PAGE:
"If the deceased be unmarried, then permission shall be given by the following for such autopsy, in the order stated: parent, guardian, or next of kin, and in the absence of any of the foregoing, by any natural person assuming custody of and responsibility for burial of the body of such deceased. If two or more of the above-named persons assume custody of the body, consent of one of them shall be deemed sufficient�."
Under the above statutes, a surviving brother of a deceased does not have the right to control the remains of his deceased brother's body so long as there is a surviving wife, children, or parents of the deceased. In the present case, the evidence reveals that Lee Harvey Oswald is survived by both a widow and children.
Robert Oswald attempted to show a property interest in the cemetery plot, but was unsuccessful. The records of Rose Hill Cemetery and the county deed records failed to show that Robert Oswald ever had a property interest in the cemetery plot where Oswald is buried.
It is well settled that for a person to maintain an action in court, it must be shown that he has a justiciable interest in the subject matter in litigation, either in his own right or in a representative capacity. Holland v. Taylor, 153 Tex. 433, 270 S.W.2d 219 (1954); 44 Tex.Jur.2d "Parties" � 7. Oswald failed to offer any evidence that would show that he had any justiciable interest in the exhumation and reautopsy or come under any possible exception to the provisions of the statutes cited above. Therefore, we conclude that Oswald had no justiciable interest [**7] in the subject matter of this litigation and that he had no authority to institute suit in the trial court.
Andrea, aren't those cases distinguishable, factually?
You expect the trash can to be manipulated, whether its searched or not, and you expect something to be done to your computer or car when you take it to be repaired.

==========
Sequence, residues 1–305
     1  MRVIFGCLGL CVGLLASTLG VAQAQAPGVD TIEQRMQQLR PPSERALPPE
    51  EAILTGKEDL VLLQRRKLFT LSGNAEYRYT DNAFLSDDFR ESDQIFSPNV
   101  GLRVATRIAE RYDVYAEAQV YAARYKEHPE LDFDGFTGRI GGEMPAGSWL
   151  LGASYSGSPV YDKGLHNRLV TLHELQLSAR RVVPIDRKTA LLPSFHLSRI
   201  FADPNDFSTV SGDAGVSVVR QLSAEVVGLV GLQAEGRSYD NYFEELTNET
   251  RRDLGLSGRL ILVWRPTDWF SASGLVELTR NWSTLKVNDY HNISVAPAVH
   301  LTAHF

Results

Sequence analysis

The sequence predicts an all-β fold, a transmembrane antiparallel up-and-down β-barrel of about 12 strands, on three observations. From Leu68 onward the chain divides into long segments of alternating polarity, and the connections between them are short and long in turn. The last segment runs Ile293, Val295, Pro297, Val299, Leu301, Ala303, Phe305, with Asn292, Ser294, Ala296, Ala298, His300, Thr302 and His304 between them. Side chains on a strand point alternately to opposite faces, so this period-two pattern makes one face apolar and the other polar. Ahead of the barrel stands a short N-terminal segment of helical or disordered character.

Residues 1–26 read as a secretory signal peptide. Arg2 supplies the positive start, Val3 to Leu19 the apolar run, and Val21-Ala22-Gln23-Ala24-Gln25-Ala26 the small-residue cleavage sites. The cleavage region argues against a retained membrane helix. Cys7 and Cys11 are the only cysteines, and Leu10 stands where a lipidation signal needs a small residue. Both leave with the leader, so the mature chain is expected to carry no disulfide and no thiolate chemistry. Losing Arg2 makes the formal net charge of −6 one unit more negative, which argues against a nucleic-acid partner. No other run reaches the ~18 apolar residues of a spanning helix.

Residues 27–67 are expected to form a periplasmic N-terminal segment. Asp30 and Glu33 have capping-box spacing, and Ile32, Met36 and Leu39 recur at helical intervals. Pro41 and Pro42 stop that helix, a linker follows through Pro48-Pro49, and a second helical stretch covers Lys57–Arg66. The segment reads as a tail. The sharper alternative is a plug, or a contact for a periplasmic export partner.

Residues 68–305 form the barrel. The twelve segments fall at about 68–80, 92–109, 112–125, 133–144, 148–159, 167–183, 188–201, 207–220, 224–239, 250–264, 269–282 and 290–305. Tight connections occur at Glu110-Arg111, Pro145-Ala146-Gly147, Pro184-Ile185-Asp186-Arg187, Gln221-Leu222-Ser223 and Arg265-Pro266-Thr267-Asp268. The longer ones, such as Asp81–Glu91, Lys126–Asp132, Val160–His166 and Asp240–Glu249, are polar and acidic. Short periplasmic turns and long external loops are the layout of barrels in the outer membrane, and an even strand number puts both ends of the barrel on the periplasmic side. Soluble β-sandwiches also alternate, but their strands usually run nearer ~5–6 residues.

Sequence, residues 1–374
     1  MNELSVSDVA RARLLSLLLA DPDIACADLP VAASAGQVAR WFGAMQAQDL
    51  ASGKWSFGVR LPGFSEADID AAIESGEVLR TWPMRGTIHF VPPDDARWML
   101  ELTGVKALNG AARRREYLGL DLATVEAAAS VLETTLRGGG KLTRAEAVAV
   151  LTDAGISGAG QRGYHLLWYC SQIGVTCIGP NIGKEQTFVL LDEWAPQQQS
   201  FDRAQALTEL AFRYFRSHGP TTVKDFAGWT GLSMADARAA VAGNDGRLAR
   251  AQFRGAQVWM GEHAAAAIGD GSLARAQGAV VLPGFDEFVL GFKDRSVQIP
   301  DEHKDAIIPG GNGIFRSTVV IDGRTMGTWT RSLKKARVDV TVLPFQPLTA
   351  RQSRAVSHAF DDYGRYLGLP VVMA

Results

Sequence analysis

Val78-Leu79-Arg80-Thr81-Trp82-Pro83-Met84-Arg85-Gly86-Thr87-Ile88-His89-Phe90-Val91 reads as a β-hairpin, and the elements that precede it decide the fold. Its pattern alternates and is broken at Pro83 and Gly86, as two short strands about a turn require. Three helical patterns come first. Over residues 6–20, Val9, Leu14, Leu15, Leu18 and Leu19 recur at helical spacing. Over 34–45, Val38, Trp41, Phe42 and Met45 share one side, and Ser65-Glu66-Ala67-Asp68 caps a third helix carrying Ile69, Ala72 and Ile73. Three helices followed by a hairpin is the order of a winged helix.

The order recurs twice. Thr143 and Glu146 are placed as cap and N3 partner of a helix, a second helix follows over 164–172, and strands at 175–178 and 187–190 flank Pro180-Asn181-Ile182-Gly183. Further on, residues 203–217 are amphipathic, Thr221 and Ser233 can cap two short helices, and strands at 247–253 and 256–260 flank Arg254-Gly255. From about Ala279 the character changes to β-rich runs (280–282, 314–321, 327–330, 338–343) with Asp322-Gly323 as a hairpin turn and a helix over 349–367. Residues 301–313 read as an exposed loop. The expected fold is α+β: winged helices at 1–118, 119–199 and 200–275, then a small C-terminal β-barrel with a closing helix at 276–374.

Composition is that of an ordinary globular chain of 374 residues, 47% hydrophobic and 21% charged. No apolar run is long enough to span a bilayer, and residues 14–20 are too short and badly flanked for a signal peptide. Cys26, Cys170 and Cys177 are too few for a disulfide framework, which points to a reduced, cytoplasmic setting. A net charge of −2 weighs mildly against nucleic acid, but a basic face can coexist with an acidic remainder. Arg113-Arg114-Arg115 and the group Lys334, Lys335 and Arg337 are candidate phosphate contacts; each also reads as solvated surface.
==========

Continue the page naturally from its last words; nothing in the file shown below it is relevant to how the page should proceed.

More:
But you definitely do NOT expect the grave of your loved one to be disturbed post-interment. In fact, many funeral homes make representations about how little a chance there is for disturbing the deceased as part of the pitch. This is why there is often discussion of the fact the land does not include any underground water sources or unstable terrain, the upsell of a waterproof and/or airtight coffin, the discussion of proper visiting hours and the willingness to prosecute trespassers and all the similar representations made as part of the sales pitch at such places.
That is not likely the end of the argument but it is an interesting difference from the typical cases on REP.
But I wonder if it also lends strength to the lack of standing argument given that anything put in the grave of another with the understanding that the giver is likely to never get it back is essentially abandonment of property.
The casket is by definition going to be disturbed, handled, and moved from the funeral itself -- where the letter was presumably placed -- to the final resting place. Maybe that argument would have more strength if the letter was tossed into the grave, but then I wouldn't think the letter would be in much condition to get back! But I agree that your examples just give more strength to the argument that it's abandoned and you don't expect to ever get it back.
On CSI, they would have some fancy instrument that could read the letter through the ground.
Contact Texas Ranger Kenny Ray in Midland. He is an expert in this field and great to work with. He teaches a course on exhumations and has personally assisted in many throughout the State.